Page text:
civil rights

Karl Fleming’s Wilson.

The Wilson Daily Times is the source of many of the newspaper articles posted at Black Wide-Awake. I am not unmindful of the racist over- and undertones of many of the clippings, especially those reporting alleged criminal activity. Nevertheless, they have value as imperfect documentation of the existence of so many African-Americans whose lives went otherwise unrecorded. Journalist Karl Fleming made his name covering the Civil Rights movement — most notably, Freedom Summer — for Newsweek magazine in the early 1960s. Fleming’s newspaper career began about 1947 at the Daily Times, which, in Son of the Rough South: An Uncivil Memoir (2005), he credits with introducing him to the brutal racist policies of his native state.

Fleming devotes several chapters to his time in Wilson. His behind-the-scenes explanation of the Times‘ race conventions is illuminating:

“The style of the Daily Times decreed that unmarried black women of whatever age be called ‘girl.’ A married ‘colored’ woman after being identified by her whole name, perhaps, perhaps Elsie Smith, in the first mention, would in succeeding graphs be called ‘the Smith woman.’ This avoided the honorifics ‘Miss’ or ‘Mrs.’ being applied to colored women. Colored men, of course, were never referred to as ‘Mr.,’ not even on the full page that ran ever Saturday headlined ‘News of the Colored Community,’ which catalogued the doings of the colored Charles L. Darden [sic] High School, church and Sunday school events, marriages, funerals, and social clubs. Darden ran the colored funeral home and a colored insurance agency and was the colored community’s most substantial citizen.”

His physical description of the town remains recognizable in many ways, even in the water fountains have been dismantled:

“Wilson and the surrounding county was half white and half colored. The town squatted in the sweltering heart of the table-flat and sandy North Carolina coastal plain, throughout which tobacco was the main cash crop. In the center of town, in front of a marble courthouse with six fluted Doric columns, two magnolia trees, and a confederate statue, were ‘White’ and ‘Colored’ water fountains.”

“The old train depot, the faded brick six-story Cherry Hotel alongside it, and the tracks of the Atlantic Coast Line railroad separated these black and white worlds.”

“What the colored people across the tracks may actually have felt about segregation in general and separate schools specifically no one in the white world knew. It was simply assumed that what they said to the white people was true — that they were content with the status quo. The pillars of the black community, the ministers and school teachers and the owners of the few colored businesses allowed to exist because whites wanted nothing to do with them — such as restaurant, beauty parlors, barber shops, funeral homes, pool halls, and juke joints patronized entirely by colored people — did not publicly protest or resist. There seemed to be among them a seeming general air of good-natured acceptance. When one of them excelled, or died, it was said that “he was a credit to his race,” suggesting that ordinary blackness was a debit somehow.”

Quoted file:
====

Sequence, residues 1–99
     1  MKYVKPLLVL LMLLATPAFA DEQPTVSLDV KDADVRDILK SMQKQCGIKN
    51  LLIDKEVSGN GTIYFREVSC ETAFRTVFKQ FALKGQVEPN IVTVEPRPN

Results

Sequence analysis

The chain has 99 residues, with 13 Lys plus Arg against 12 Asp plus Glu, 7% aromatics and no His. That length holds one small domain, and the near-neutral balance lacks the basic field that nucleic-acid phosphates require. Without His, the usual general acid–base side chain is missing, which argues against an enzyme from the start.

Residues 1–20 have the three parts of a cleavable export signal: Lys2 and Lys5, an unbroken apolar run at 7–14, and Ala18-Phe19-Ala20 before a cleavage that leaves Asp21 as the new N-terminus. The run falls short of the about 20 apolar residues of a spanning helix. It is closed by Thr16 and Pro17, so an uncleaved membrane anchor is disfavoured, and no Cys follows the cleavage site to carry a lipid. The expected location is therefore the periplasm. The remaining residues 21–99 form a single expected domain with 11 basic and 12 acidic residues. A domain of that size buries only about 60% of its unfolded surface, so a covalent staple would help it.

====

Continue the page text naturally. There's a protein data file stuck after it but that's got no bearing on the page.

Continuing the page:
Fleming exaggerates the uniform decrepitude of East Wilson’s building stock. As this blog has amply demonstrated, East Wilson was a lot more than shotgun rentals in need of whitewash. There were certainly a fair number of those though.

“The colored community was a close-packed warren of gray unpainted shotgun shacks rented from white landlords on dirt alleys across the railroad tracks. Its only paved roads were Nash Street, becoming Highway 41 [91] going east into the country towards the coast, and U.S. 301 going north and south, the principal highway from New York to Miami. Its inhabitants were for the most part menials of every sort, field hands on the surrounding tobacco farms, manual laborers for the city and county maintenance departments, and unskilled workers in the tobacco warehouses and wholesale packing houses.”

And then this observation, followed by a truism:

“Few white people ventured into ‘niggertown.’ … The arrival of a white man could mean nothing good. He was either ‘the law,’ a bill collector, or someone selling something — usually life of burial insurance.”

Fleming also offers a reporter’s assessment of (and white Wilson’s take on) the trial of Allen T. Reid, who was sentenced to death in 1949 for burglary.

 

The Negro ministers were well received.

pc 3 12 1938

Pittsburgh Courier, 12 March 1938.